Did Obama Administration Pressure Teachers Into Cheating?

Jul 11, 2011 by

M. Catharine Evans and Ann Kane – A week ago Secretary of Education Arne Duncan sat down with MSNBC’S Andrea Mitchell to discuss the need for educational reform. In the interview Duncan touted

“some states and some districts that in these tough economic times are being very creative and doing some really innovative things, others are paralyzed…”

Since then investigations into two school districts, Baltimore and Atlanta, have confirmed widespread cheating on standardized tests occurring under Duncan’s watch. “Creative” and “innovative” might not be synonymous with “cheating” but a July, 2009 Washington Post article featuring a video interview with President Obama raises some very serious questions about the administration’s role in the latest school scandals.

The former CEO of Chicago Public schools blitzed across the country back in 2009 flush with billions of dollars in stimulus monies. The $4.3 billion allocated to Duncan’s ‘Race to the Top’ program was used as leverage to lure school districts to “embrace reform or risk being shut out.” President Obama made it clear to the Washington Post reporters in 2009 he wished to go beyond just closing the achievement gap through yearly testing proposed in George W. Bush’s No Child Left Behind act.

We want to challenge all the stakeholders — parents, teachers, unions, school administrators — to not only raise standards, but make the changes that are required to actually meet those standards, by having the best teachers and principals, by having the kind of data collection that tells us whether improvements are actually happening, and tying student achievement to assessments of teachers.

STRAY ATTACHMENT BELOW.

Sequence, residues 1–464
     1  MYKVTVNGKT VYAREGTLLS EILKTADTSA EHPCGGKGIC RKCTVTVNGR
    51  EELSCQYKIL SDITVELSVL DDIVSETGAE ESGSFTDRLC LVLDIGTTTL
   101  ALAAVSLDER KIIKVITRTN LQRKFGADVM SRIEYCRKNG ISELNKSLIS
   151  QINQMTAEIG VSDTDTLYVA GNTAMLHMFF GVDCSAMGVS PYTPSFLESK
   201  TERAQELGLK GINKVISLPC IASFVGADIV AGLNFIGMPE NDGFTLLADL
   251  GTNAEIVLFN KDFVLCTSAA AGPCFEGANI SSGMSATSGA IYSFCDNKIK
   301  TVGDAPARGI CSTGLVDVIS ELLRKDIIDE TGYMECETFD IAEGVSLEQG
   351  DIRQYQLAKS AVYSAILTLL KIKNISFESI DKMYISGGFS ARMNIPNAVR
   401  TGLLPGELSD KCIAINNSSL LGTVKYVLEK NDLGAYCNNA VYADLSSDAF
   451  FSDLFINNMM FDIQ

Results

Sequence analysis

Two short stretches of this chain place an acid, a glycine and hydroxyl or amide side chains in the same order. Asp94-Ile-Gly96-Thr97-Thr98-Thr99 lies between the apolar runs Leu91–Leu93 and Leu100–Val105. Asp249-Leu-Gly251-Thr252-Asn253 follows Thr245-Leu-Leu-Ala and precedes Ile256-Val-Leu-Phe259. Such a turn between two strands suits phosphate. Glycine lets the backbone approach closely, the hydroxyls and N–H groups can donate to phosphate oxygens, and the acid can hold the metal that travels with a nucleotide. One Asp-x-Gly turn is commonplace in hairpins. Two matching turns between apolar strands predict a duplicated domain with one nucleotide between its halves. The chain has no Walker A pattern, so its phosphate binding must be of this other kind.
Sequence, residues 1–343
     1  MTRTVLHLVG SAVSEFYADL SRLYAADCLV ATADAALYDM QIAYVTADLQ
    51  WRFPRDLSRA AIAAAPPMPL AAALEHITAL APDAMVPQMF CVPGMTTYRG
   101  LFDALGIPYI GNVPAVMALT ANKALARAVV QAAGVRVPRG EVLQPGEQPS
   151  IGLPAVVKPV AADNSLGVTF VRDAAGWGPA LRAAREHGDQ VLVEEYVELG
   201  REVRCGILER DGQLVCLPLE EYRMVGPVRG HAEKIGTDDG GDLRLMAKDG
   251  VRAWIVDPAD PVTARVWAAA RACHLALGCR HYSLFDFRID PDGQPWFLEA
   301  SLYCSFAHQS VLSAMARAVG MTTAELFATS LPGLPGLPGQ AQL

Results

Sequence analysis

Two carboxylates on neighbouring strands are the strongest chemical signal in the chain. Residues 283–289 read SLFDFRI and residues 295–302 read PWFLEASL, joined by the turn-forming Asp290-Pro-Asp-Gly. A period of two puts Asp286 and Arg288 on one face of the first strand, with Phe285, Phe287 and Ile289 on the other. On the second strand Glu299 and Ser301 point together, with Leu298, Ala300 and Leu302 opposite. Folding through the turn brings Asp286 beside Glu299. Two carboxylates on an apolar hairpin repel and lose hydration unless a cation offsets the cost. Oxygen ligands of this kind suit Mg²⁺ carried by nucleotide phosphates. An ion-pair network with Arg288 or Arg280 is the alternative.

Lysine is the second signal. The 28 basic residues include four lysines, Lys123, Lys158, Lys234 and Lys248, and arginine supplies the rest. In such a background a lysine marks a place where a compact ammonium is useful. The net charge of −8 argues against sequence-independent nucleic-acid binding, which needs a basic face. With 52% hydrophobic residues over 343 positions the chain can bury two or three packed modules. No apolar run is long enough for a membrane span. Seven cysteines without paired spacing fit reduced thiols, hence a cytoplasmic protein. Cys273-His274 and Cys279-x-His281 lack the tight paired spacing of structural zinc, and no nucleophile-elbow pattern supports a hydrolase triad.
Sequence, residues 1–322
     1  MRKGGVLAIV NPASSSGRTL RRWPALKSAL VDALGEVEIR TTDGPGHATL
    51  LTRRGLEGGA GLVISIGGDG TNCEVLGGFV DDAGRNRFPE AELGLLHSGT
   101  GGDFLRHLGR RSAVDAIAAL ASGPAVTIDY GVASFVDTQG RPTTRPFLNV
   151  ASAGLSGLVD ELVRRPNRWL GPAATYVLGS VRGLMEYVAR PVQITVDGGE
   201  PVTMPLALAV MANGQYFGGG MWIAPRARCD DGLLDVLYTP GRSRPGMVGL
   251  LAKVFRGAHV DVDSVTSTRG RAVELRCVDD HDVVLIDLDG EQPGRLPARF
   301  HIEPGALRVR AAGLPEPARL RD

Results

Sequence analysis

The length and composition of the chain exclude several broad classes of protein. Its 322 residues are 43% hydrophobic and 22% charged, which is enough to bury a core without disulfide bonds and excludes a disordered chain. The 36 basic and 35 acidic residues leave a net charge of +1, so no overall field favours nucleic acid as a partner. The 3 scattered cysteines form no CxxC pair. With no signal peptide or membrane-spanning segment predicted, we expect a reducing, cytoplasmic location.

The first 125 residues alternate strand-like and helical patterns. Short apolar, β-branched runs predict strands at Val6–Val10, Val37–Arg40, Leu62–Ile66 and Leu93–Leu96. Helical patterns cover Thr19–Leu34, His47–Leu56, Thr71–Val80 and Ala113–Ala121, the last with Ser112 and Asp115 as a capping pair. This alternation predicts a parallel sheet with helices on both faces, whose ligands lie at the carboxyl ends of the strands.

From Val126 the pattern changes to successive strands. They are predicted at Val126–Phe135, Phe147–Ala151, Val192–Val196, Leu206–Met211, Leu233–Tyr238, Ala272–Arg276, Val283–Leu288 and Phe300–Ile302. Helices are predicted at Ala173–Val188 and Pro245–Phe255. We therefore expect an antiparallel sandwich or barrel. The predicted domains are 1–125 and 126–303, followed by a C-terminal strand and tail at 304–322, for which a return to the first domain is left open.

What we’re saying here is, if you can’t decide to change these practices, we’re not going to use precious dollars that we want to see creating better results; we’re not going to send those dollars there…And we’re counting on the fact that, ultimately, this is an incentive, this is a challenge for people who do want to change.

Secretary Duncan carried the President’s message from state to state in a “pressure campaign” to broaden the federal government’s role in local legislatures. Michael Shear and Nick Anderson of the Post described the administration’s tactics in persuading school districts to get with the program or else.

President Obama is leaning hard on the nation’s schools, using the promise of more than $4 billion in federal aid — and the threat of withholding it — to strong-arm the education establishment to accept more charter schools and performance pay for teachers. [snip]

Obama says the money will be distributed to states that can demonstrate results backed by data that show student scores and teacher performance are improving. [snip]

Some are wary of the long arm from Washington. A Tennessee newspaper editorial railed against an “inappropriate threat” from federal officials. [snip]

Other states are maneuvering for advantage, too. The Colorado legislature passed three laws this year [2009] aimed at aligning state and federal goals on turning around low-performing schools, linking teacher and student data …

When Shear/Anderson reminded the President that no other administration had provided so much money to an educational program without

 

 

restrictions, Obama responded that “the proof of the pudding is…in the quality of the competition that’s been set up.”

via Blog: Did Obama Administration Pressure Teachers Into Cheating?.

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